Alice’s Adventures in Wonderland by Lewis Carroll

Posted March 13, 2019 by Amber in Reviews / 0 Comments

Alice’s Adventures in Wonderland by Lewis Carroll

Alice's Adventures in Wonderland by Lewis Carroll

Digital Audiobook narrated by Scarlett Johansson

Published by Audible Studios on February 23, 2016
Series: Alice's Adventures in Wonderland #1
Genres: Adventure, Children's, Classics, Fantasy, Fiction, Middle Grade
or 2 hours, 44 minutes
Source: Audible

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Golden Globe nominee Scarlett Johansson (Lost in Translation, Girl with a Pearl Earring) brings a palpable sense of joy and exuberance to her performance of Lewis Carroll's enduring classic Alice's Adventures in Wonderland. From the White Rabbit and Mad Hatter to the Cheshire Cat and Queen of Hearts, she imbues each madcap character with a distinct voice and personality that will leave a lasting impression long after the adventure is over.

One hundred and fifty years after its original publication, Alice's Adventures in Wonderland remains one of the most widely read, deconstructed, referenced, and reinterpreted works of Western fiction. It tells the story of the young and imaginative Alice, who grows weary of her storybook, one "without pictures or conversations", and follows a hasty hare underground - to come face to face with a host of strange and fantastic characters.

It’s positively tragic that I haven’t reviewed Alice in Wonderland before now.

I think it’s because Alice is a classic.  It’s not like some of the heavier classics I read – like Inferno or Gone With the Wind – that feel antiquated and need some introduction.  The beauty of children’s classics is their true timelessness.  Even period ones like The Secret Garden and The Many Adventures of Winnie the Pooh snuggle their way into our hearts effortlessly.

Alice in Wonderland is like that.  I’ve never met a person unfamiliar with Alice, even if not everyone will love her.

And what do I say about this book, anyway?  Alice in Wonderland is chaos, creativity, and detail.  It’s little wonder that Wonderland ignites creativity into so many people such a long time after publication.  The array of characters, Alice’s charm, and the concept of Wonderland itself are all marvelous platforms.  There’s about seventy five different characters in this tale, and they all have stories to tell.  Why we’re so fixated on Alice, the Hatter, and Ches I’ll never know.  Someone write me a Mock Turtle story.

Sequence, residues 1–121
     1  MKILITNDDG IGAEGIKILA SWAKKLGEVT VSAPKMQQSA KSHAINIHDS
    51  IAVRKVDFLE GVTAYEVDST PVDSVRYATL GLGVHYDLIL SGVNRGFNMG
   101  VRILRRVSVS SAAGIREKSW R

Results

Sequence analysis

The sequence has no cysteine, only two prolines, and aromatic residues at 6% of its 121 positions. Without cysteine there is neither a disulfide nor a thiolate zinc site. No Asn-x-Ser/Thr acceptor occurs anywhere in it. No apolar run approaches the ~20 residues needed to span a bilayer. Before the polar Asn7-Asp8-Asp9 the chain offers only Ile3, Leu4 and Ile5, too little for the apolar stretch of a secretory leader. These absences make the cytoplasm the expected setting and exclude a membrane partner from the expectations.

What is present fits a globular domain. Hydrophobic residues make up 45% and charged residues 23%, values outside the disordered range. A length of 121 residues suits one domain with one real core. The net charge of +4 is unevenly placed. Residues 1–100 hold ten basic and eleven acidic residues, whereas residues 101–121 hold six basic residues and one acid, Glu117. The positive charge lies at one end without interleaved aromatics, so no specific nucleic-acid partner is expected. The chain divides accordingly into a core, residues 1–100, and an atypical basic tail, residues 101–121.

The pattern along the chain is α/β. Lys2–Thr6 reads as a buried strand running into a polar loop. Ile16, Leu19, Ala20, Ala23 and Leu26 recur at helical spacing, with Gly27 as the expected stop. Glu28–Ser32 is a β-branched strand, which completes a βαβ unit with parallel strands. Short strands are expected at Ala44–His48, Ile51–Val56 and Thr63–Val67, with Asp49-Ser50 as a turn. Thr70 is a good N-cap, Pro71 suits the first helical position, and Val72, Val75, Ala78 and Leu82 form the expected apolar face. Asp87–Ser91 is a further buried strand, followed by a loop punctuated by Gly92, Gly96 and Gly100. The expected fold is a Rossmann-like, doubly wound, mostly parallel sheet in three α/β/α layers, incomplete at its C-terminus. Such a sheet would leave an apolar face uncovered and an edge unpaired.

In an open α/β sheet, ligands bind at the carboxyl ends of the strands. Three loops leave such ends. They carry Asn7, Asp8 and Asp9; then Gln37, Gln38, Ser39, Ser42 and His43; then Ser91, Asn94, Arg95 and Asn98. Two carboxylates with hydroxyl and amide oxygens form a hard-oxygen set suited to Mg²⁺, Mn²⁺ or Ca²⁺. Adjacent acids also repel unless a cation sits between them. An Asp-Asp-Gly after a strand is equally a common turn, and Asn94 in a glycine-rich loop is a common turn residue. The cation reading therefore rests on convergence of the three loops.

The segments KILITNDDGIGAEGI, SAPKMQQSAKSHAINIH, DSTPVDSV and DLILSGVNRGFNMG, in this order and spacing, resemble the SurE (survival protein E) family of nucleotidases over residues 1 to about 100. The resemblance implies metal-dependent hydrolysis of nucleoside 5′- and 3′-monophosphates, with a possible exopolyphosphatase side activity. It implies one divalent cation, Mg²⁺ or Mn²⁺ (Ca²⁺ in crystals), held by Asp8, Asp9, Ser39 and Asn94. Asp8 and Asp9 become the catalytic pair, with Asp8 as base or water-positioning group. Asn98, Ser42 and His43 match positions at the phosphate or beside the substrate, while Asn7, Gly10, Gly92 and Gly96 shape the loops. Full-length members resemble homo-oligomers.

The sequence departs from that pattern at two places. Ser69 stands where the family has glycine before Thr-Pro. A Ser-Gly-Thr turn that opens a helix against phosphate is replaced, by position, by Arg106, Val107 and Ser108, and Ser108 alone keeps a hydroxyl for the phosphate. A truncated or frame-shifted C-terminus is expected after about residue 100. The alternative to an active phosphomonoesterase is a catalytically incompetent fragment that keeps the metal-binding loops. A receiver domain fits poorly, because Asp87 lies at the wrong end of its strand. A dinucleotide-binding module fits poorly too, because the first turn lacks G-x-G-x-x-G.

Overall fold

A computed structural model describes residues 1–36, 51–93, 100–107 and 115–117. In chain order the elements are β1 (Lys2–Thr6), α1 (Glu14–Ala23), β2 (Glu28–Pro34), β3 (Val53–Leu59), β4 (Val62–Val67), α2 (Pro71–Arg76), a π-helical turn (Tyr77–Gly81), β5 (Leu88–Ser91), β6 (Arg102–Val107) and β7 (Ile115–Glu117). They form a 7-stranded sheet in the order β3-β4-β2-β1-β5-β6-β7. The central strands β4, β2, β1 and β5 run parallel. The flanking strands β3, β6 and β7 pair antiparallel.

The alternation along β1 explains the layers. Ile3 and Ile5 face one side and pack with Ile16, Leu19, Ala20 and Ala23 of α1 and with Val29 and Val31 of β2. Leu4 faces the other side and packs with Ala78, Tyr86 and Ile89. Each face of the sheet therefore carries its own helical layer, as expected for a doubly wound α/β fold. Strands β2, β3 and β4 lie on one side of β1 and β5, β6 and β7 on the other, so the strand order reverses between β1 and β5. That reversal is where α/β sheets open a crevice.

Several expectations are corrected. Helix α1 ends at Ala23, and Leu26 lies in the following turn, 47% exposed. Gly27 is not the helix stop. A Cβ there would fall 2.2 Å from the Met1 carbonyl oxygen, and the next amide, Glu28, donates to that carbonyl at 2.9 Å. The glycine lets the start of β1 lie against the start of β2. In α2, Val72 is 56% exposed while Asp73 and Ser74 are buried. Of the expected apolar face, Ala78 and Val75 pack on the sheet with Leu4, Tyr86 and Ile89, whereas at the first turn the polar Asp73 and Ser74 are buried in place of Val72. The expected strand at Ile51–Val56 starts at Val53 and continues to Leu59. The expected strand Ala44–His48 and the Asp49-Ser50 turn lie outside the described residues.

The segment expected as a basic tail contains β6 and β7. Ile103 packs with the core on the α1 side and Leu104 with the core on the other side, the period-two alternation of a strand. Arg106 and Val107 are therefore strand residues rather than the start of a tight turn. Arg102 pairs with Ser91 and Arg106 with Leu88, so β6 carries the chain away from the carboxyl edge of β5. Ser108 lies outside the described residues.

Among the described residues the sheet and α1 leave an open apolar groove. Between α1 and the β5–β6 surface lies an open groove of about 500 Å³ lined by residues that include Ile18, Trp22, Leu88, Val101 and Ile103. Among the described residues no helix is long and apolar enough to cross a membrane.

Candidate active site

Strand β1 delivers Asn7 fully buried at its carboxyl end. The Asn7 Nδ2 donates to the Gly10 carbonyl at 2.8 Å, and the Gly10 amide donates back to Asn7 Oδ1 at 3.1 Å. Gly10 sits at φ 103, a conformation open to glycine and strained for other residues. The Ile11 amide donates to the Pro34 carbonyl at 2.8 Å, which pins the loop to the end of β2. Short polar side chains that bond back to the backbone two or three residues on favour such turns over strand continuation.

This is why I loved Heartless, though.  So much love for this original tale went into the writing of that novel.

Ah, but I digress.

Alice in Wonderland is about a little girl who falls asleep while her sister is reading to her, and has a marvelous dream.  That is the true extent of the plot – even Alice doesn’t know she’s trying to get home until much later in the story.  There are editions upon editions of this book.  My personal favorite was the illustrated edition that my mother had as a kid (which has disappeared, and I’m vexed because I wanted it someday), but Wonderland is such a place that you don’t need illustrations – it stirs the imagination.

Every reading, I am always surprised by Alice.  She’s such a sweet, polite, and in her own way actually wise little girl.  She tries so hard to be a grown up and to do as she’s been told, but every once in a while, a little irritation shines through.  I think one of the successes of Wonderland is Alice’s character – led by a character more timid or headstrong, this would be a different tale, but little Alice stands up on her own two feet, no matter what size she is.

I am also constantly surprised by the level of detail Carroll put into the writing of this one.  Every time I read this, I find something new, and in a children’s book that can’t be very common.  Through this reading, I discovered the three little girls in the treacle well.  I knew they existed via Heartless, but had never pulled them out of the original story before?  More props to Marissa Meyer.

As a classic, Alice in Wonderland runs the risk of becoming irrelevant or politically incorrect as time goes on… but as itself, I don’t think that will ever be a problem.  Alice’s adventures rely very little on time period, or convention because they are an invention of her own.  There are no social castes in Wonderland (short of the Queen of Hearts, really, but that’s not concerning… unless she calls for your head) that will become outdated, no racial snafus, and no technology to become obsolete.  It’s just Alice and her imagination and that’s completely timeless.  I LOVE it.

A note to audiobook listeners – this read was the Audible edition, read by Scarlett Johansson.  This is the second time I’ve experienced Alice in Wonderland via audiobook.  While I’d say it’s much more fun to find yourself an illustrated hard copy, it’s definitely possible to have a good reading via audiobook.  Scarlett Johansson does an amazing job.  She really captures Alice’s voice, I think, and doesn’t change her own too many times to distract from the story.  I’m going to call it and say that if you’re going to do an audiobook listen, do this one.

Alice in Wonderland remains one of my favorite stories of all time.  Despite appearances, it’s delightfully complex and interesting, and it’s timelessness really wins me over as well.  Before Hogwarts, before the Grishaverse… before Oz, even, children dreamed of disappearing into Wonderland.  And that has some magic in itself.

The Breakdown
Personal Enjoyment
Overall: five-stars

Have you ever read Alice in Wonderland?  I’m always looking for new retellings of this book!  Feel free to leave some in the comments!

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